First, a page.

Wang began dancing when she was nine. After winning the first of many international dance competitions in Paris in 1994, she decided to create her own body language.

She was resident choreographer for the National Ballet of China before she went on to study at the California Institute of Arts School of Dance. After her graduation in 2003, she was invited as guest choreographer at the New York City Ballet.

She became known internationally after collaborating with film director Zhang Yimou on the ballet adaptation of his film, Raise the Red Lantern. She was also one of the choreographers for the opening ceremony of the 2008 Beijing Olympic Games, directed by Zhang.

Wang is about to push the boundaries of modern dance in China further. Her company is already in rehearsal for their next year at the 2012 Arts Festival in Hong Kong, with two new works in collaboration with theater artist, Lin Zhaohua.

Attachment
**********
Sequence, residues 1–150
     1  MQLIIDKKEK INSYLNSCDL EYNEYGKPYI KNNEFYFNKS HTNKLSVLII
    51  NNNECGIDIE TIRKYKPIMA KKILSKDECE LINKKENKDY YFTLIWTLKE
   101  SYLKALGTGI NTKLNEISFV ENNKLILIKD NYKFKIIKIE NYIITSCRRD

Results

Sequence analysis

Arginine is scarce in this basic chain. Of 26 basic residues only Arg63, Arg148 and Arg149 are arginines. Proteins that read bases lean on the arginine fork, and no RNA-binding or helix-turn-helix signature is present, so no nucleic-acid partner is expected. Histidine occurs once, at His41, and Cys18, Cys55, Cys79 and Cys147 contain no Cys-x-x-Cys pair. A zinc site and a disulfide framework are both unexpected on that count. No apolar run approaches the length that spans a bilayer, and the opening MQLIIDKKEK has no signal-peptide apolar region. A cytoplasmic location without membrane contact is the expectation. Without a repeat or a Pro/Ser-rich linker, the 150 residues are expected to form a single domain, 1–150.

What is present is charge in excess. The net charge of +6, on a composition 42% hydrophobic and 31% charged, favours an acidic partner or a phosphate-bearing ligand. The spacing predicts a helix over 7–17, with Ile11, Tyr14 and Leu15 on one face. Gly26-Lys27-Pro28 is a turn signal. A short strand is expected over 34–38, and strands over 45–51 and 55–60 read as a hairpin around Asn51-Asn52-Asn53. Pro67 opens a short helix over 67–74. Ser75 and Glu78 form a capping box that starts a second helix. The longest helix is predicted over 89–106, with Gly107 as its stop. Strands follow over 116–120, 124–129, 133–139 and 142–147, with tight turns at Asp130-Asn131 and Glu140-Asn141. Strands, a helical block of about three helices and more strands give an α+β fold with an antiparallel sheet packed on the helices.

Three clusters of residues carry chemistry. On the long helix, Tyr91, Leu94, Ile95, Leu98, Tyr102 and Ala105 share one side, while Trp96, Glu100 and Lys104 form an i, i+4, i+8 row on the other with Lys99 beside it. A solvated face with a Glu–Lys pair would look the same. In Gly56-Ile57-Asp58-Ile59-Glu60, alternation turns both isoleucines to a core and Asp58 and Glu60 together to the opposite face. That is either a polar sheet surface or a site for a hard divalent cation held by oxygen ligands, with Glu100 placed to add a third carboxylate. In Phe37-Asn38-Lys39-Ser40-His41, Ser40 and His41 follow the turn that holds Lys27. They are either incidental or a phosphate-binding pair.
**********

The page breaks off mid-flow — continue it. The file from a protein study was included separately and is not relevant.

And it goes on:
“I know I have been dancing on the edge, but it doesn’t matter. It is definitely a lonely art in China now because modern dance is so young here. It takes time for people to understand and enjoy the art.”

For Wang, it is a long, hard but happy road less traveled.

Article link: http://www.chinadaily.com.cn/china/2011-11/20/content_14125657.htm

New end of ‘Mansions’ to meet the readers – Chinese pre-eminent literary classic “Dream of Red Mansions” to be published with brand new concluding chapters [People’s Daily]

Posted in China, Classic Literature on March 2, 2011 by Zuo Shou / 左手

I don’t know about the quality of the new version, but anyone wishing to understand Chinese culture cannot avoid experiencing this extra-ordinary and truly epic novel. – Zuo Shou 左手

February 28, 2011